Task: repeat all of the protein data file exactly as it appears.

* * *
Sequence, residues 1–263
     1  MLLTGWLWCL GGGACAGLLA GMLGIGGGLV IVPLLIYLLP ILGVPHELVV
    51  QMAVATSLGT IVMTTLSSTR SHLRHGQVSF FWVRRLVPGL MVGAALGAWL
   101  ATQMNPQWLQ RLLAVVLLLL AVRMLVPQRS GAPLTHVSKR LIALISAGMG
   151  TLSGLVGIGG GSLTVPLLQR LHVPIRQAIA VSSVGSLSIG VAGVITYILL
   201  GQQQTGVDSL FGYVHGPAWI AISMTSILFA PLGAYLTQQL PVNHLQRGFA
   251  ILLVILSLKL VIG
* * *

Sequence, residues 1–263
     1  MLLTGWLWCL GGGACAGLLA GMLGIGGGLV IVPLLIYLLP ILGVPHELVV
    51  QMAVATSLGT IVMTTLSSTR SHLRHGQVSF FWVRRLVPGL MVGAALGAWL
   101  ATQMNPQWLQ RLLAVVLLLL AVRMLVPQRS GAPLTHVSKR LIALISAGMG
   151  TLSGLVGIGG GSLTVPLLQR LHVPIRQAIA VSSVGSLSIG VAGVITYILL
   201  GQQQTGVDSL FGYVHGPAWI AISMTSILFA PLGAYLTQQL PVNHLQRGFA
   251  ILLVILSLKL VIG